Another winner of the second auction of  Bitcoins seized by the US Marshals in relation to the Silk Road case has been revealed. The Bitcoin Investment Trust announced that it has won the majority of the auction, 19 of the total 20 “blocks” were picked up by the trust, totaling 48,000 bitcoins, worth roughly US$16.6 million at press time.

The remaining 2,000 bitcoins were sold to Tim Draper, which he announced last week. He also purchased the majority of the first auction of Bitcoins seized from the Silk Road back in June.

The Bitcoin Investment Trust is a wholly owned subsidiary of Second Market, which enables companies, individuals and trusts to invest and hold various assets like stocks, in a simplified way. The Bitcoin Investment Trust is built for those who want to invest in Bitcoin's price but don't want to worry about security issues or figuring out how to use the Bitcoin network.

The trust is limited to investors who can afford the US$25,000 buy-in. It was founded by Barry Silbert, who also founded SecondMarket. He resigned from SecondMarket before moving on to the Bitcoin Investment Trust. The Bitcoins were transferred to the trust on Monday.

The Bitcoins were seized by the US Marshals in relation to the Ross Ulbricht case. Ross Ulbricht is accused of running the Silk Road underground marketplace. He has plead not guilty. If Ulbricht is found not guilty, the funds raised in the auction will be returned to him in cash value. His trial is set for January 5.

The US Marshal Service sent an email to CoinDesk and other members of the media. It reads via CoinDesk:

“The U.S. Marshals Service is confirming that the recent bitcoin auction resulted in two winning bidders. One bidder won 19 blocks, totaling 48,000 bitcoins, and the other won one block of 2,000 bitcoins. Because SecondMarket has voluntarily come forward, we can confirm that it was the winner of 48,000 bitcoins, and the transfer of those bitcoins was completed Monday.”

The total number of bids and bidders decreased since the June auction of 30,000 bitcoins. With 11 bidders and 27 total bids, the auction compared to 45 bidders and 63 total bids in June.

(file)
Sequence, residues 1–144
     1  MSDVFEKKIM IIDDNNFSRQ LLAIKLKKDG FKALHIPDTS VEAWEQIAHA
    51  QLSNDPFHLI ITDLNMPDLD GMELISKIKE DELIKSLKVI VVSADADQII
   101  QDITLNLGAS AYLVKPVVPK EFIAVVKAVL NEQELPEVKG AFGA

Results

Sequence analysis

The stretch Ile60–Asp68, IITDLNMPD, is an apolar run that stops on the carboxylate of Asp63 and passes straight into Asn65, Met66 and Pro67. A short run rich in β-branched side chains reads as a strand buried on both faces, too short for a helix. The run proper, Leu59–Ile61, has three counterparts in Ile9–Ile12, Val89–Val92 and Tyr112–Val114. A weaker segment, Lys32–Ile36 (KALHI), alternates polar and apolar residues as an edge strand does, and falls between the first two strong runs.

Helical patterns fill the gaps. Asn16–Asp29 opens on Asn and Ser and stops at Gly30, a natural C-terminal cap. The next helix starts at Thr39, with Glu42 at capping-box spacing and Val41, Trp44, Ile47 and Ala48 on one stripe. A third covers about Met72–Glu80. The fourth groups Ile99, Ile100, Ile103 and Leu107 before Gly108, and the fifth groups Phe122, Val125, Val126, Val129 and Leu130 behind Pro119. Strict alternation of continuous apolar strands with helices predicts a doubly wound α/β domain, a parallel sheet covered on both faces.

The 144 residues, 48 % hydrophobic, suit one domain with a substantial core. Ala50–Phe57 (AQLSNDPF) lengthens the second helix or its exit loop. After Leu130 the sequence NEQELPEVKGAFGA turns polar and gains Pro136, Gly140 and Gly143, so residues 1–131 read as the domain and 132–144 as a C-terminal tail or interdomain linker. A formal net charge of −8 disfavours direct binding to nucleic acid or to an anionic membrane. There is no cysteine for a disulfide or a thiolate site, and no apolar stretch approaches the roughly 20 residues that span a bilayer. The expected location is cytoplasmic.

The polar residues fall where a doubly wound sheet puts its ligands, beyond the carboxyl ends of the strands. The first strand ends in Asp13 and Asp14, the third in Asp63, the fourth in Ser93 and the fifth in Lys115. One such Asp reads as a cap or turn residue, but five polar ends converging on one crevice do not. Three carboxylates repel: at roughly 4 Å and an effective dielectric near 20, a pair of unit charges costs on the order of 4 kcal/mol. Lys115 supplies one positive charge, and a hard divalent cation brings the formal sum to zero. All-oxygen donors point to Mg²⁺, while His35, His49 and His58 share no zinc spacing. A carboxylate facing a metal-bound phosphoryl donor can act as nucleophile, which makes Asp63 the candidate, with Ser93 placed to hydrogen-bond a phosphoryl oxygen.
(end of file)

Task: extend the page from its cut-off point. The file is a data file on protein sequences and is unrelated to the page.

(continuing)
There have been several theories as to why. Some point to increased participation in various trusts, but others have suggested it may be due to decreased interest. Bitcoin is trading significantly lower than it was back in June, and short-term investors who don't understand the blockchain technology behind Bitcoin, may have decided to move on to what they see as greener pastures.

It should be pointed out that overall investment in Bitcoin is strong. It is well-documented that venture-capitalist investments are pouring into the industry, but they are people who believe in the technology itself, while short-term investors are only interested in its short-term price.

Another thing to consider, however, is the significantly shorter window of opportunity. The June auction lasted 12 hours, while this auction was only open for six.

It is possible that all three popular theories played a part in the decreased participation in the second auction.

The price for both Tim Draper's 2,000-bitcoin haul and the Bitcoin Investment Trust's 48,000-bitcoin haul have not been disclosed. It will be up to the winners to decide whether they want to reveal to the public what they each paid. Cointelegraph has reached out to the Bitcoin Investment Trust for comment, but at press time has not received a reply.

According to their most recent financial statements, the trust has gained a 10 % profit in the past month, but still sits at -66 % year to date. Despite a rough 2014, the Bitcoin Investment Trust's investments have still gone up 188 % since its inception.

The US Marshals have reportedly seized 173,991 total bitcoins, allegedly from the Silk Road servers and Ulbricht's computers. The remaining bitcoins will be auctioned off in the coming months, but no specific date has been given.

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